Ariel Pink’s Haunted Graffiti | Mature Themes
Indie’s class clown returns with his signature mix of pop jingles and bizarre oddities.
Ariel Pink is perhaps one of the last people you would look toward for maturity, so luckily his first album since the 2010 breakthrough “Before Today” is only ironically titled. Unsurprisingly, there is a large supply of immaturity and weirdness throughout, including lyrics about “testicle bombs,” schnitzels and the declaration: “My name is Ariel, and I’m a nympho.” Still, Pink balances these head-scratching indulgences with his love of classic ‘60s pop, showcased in the jangly guitars and warm harmonies of “Only In My Dreams” and in the title track. A Los Angeles native, Pink seems to capture the feel of his hometown in his music; it’s druggy, forward-thinking and really hip. While it is certainly not for everyone and lacks any material on the level of “Round and Round,” “Mature Themes” is an excellent showcase of what makes Pink one of the most influential and truly unique figures in music today.
Recommended If You Like: John Maus, R. Stevie Moore, Los Angeles
By Cameron Meindl
Bloc Party | Four
With their first album in four years, Bloc Party struggle to reconnect with their sonic inspirations both past and present.
For a band with such a promising debut record, Bloc Party’s continuous redefinition is somewhat disappointing. Between “A Weekend In The City”’s naive grandiosity and “Intimacy”’s fumbling electronica, the band has struggled to recapture “Silent Alarm”’s ambitious, hook-ridden guitar pop. At its best, “Four” attempts another go-around at the melodic post-punk that made the group famous, with guitarists Kele Okereke and Russell Lissack again trading jittery, staccato riffs over pulsing snares on standouts “Valis” and “Octopus.” However, the record stumbles with head-bang-inducing clunkers like opener “So He Begins To Lie,” with interplay between heavy power chords and wailing vocals that rudely disrupt the album’s otherwise sensible arrangement of riffy indie rock and 80’s-inspired ballads.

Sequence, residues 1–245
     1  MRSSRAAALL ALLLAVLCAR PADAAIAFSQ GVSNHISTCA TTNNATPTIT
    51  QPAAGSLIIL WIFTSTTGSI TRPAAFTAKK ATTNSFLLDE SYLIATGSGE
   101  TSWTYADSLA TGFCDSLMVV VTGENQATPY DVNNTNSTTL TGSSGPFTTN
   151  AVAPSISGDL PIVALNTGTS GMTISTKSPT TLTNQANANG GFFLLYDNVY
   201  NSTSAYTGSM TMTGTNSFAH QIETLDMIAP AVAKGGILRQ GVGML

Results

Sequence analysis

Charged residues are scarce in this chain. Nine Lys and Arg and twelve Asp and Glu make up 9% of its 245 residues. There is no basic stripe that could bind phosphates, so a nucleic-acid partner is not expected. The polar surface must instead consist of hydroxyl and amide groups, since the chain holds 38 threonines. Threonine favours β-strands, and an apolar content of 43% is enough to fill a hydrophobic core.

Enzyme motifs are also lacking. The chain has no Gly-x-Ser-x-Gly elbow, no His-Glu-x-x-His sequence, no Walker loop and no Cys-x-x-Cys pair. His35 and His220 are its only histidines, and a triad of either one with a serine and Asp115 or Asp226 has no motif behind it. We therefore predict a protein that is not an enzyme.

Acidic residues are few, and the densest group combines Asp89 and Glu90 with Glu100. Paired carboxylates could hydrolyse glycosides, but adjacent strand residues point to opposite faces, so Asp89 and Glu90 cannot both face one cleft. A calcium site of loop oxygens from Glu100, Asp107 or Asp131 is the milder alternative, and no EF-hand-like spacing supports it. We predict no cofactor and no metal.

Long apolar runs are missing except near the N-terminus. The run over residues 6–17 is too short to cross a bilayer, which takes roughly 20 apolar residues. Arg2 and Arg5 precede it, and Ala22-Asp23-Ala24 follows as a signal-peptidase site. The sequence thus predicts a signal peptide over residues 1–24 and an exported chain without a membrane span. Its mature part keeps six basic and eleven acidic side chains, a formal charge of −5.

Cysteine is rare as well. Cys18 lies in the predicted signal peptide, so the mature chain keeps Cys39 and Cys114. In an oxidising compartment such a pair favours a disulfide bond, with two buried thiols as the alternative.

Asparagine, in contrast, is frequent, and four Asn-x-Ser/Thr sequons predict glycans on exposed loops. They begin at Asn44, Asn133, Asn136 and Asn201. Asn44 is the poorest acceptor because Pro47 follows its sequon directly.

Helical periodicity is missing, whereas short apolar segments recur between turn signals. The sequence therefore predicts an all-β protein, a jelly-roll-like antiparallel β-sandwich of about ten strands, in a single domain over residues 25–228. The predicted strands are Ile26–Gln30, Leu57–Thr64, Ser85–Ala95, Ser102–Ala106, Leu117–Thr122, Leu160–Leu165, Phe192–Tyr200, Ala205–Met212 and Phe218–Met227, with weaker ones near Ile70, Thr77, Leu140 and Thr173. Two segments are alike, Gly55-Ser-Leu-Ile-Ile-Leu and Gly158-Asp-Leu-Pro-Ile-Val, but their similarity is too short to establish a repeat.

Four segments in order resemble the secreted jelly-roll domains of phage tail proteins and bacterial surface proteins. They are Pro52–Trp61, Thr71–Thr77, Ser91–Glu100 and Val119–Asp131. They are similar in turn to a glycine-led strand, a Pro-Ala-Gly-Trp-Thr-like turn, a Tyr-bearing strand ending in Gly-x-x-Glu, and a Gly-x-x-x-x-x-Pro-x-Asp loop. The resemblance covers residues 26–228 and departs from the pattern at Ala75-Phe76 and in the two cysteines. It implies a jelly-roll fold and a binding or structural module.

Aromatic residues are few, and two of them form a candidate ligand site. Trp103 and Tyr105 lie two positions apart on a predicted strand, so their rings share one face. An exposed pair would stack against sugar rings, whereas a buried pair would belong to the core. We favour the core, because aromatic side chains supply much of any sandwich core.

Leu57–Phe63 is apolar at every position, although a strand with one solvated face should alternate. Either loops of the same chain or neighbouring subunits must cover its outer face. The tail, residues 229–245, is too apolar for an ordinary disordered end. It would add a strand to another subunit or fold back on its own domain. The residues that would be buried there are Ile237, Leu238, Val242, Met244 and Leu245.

RIYL: Hot Hot Heat, Franz Ferdinand, Paramore
By Maxwell Tani
Eternal Summers | Correct Behavior
Eternal Summers delivers fuzzy pop with youthful exuberance and charm — and a serious punk edge.
The first track of dream-punk band Eternal Summers’ “Correct Behavior” is deceiving. “Millions” is a perfect summer pop song with anthemic riffs and sweet vocals. “Correct Behavior” is much more then sunny hooks; creepy distortion, cacophonous drums and a dark punk aura set Eternal Summers apart from easy comparisons like Best Coast or the Dum Dum Girls.
Nicole Yun’s voice has that same clear and effortless quality, but on songs like “You Kill” she stretches her range to its breaking point, with electrifying results. Drummer Daniel Cundiff takes a turn doing vocals on “Girls in the City,” and it sounds like a sped-up version of spoken-sung track the Velvet Underground would have done. It is followed by the stormy “Heaven and Hell” where Yun proclaims “Death itself will die” as the drums vacillate from hard to soft. Lyrically, “Correct Behavior” is the perfect encapsulation of that summer between high school and college when you are still confined in your parent’s house with freedom only weeks away. It is a reflection of their sound: rebellious and carefree, yet cynical and dark. It is about facing the harsh reality that summer does not last forever.
RIYL: Orange Juice, Grass Widow, The Raincoats, Crocodiles